. . .
Larry Lucchino said that ownership was initially unaware of Francona’s participation in the program, adding, “Later in the season I became aware of it, but not earlier in the season.”
“They weren’t supposed to know,” said Francona.
Eight months later, after the September collapse and subsequent firing of Francona, the Boston Globe ran a page one story, headlined “Inside the Collapse,” written by Bob Hohler. The story included multiple examples of ballplayers behaving badly, but the ex-manager took the biggest hit as details of his personal life were uncovered.
“By numerous accounts, manager Terry Francona lost his ability to prevent some of the lax behavior that characterized the collapse,” Hohler wrote. “Team sources said Francona . . . appeared distracted during the season by issues related to his troubled marriage and to his health.”
Further down in the story, Hohler wrote, “Team sources also expressed concern that Francona’s performance may have been affected by his use of pain medication.”
There it was. Francona’s spring prediction to Dr. Larry Ronan had come true.
The ex-manager was quoted through the story, saying, among many other things, “It makes me angry that people say these things because I’ve busted my [butt] to be the best manager I can be. . . . It [pain medication] never became an issue, and anybody who knew what was going on knows that.”
In a Feb. 18 column in the Boston Herald, Francona told Michael Silverman, “I called John Henry seven or eight times. Never heard from him. I have not talked to John since the day I left. It makes you kind of understand where you stood.”
This got Henry’s attention. The owner called his ex-manager and said he was concerned that Francona was angry with him. He repeatedly asked the manager why he had talked about ownership not having his back.
“Like I always said, it’s not only your right, it’s your obligation to get the right manager,” Francona told Henry. “I understand that. And it’s not me anymore. But if you’re hearing what I heard before our meeting, during our meeting, after our meeting — and then reading that article — how would you feel if you were me? Instead of caring about me and my reputation, you start running into radio stations to make sure it’s not about you. I wanted you to care about me.”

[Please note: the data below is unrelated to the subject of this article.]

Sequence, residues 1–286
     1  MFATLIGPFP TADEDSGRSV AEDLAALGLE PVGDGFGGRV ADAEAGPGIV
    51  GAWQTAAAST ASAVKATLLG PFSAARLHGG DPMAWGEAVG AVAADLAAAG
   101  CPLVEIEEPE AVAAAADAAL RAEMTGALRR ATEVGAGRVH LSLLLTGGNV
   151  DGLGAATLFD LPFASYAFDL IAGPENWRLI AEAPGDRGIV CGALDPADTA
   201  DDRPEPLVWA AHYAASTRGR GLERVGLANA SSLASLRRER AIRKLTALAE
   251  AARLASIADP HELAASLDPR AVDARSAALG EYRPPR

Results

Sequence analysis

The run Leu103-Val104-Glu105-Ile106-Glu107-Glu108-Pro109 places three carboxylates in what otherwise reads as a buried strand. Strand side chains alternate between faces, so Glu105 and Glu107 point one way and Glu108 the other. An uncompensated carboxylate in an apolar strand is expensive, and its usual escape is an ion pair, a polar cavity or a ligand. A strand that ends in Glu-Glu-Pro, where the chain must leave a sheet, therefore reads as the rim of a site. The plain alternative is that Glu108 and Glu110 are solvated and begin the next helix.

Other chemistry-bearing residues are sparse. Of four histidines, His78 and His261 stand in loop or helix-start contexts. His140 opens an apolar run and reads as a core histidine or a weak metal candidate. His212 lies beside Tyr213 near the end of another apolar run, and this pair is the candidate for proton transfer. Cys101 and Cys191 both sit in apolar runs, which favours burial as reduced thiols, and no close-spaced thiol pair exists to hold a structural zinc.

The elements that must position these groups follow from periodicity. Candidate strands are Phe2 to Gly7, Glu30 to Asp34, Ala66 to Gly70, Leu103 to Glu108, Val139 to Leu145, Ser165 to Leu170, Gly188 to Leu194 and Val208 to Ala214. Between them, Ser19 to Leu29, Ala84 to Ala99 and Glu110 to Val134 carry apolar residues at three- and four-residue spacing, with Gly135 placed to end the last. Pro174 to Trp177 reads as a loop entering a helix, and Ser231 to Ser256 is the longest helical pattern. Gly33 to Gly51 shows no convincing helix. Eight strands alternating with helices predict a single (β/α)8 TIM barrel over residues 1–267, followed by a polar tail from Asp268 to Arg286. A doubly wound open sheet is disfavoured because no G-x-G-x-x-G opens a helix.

Ten minutes after they hung up, Henry called Francona again.
“Tito, how about if you come back and throw out the first pitch for us on Opening Day?” asked the owner.
“No thanks, John,” said Francona.
“It was the same stuff as before,” the ex-manager said later. “It was like when they made us play the doubleheader and John thought he could make up for it by giving the players his boat and giving them headphones. But the one thing that did come out of that — John promised me he would get back to me regarding that Hohler story. He said the same thing Larry said, but to this day I never heard back.”
. . .
In 2012, Francona returned to Fort Myers for the first time when the ESPN crew visited JetBlue Park for a much-hyped exhibition game between the Yankees and the Red Sox in March. The former manager skipped the customary pregame information session in Bobby Valentine’s office, leaving Dan Shulman and Orel Hershiser to carry out the chore.
Despite his efforts, Francona was corralled by a number of Boston baseball reporters. He said he hadn’t heard anything about Fenway’s 100th birthday bash in April, adding, “I’m not quite ready for the hugs yet. I’m still trying to stop the bleeding.”
Weeks later, Francona was in a phone store in Tucson with three young Verizon employees, learning to use his new iPhone. While the phone was on speaker, he took an unexpected call from Lucchino.
“Tito, this is Larry,” Lucchino started.
“Hey, Larry,” said Francona. “Just so you know, I’m in a Verizon store learning to use my new phone and we’re on speakerphone here.”
“Fine,” said Lucchino. “I was just following up to make sure you know we’d love to have you on hand with all the other ex-Sox players and managers when we celebrate Fenway’s 100th on April 20.”
“Larry, you know what my answer is, don’t you?” said Francona.
“Yeah, you’re not ready to hug everybody,” said Lucchino. “I read all about it.”
“That’s right, Larry,” said the ex-manager, “I said the same thing to John. I told him I don’t want to be included in anything to do with the Red Sox until he gives me a decent answer on who [expletive] me in the newspaper.”
“It wasn’t [expletive] me!” insisted Lucchino. “And it wasn’t [expletive] John!”
“That’s fine, Larry,” snapped Francona, aware that folks in the phone store were starting to look at him. “I believe you. I’m just telling you how I feel. I don’t want anything to do with the Red Sox until you care enough to find out who said it. Call me when you got a better answer!”Continued...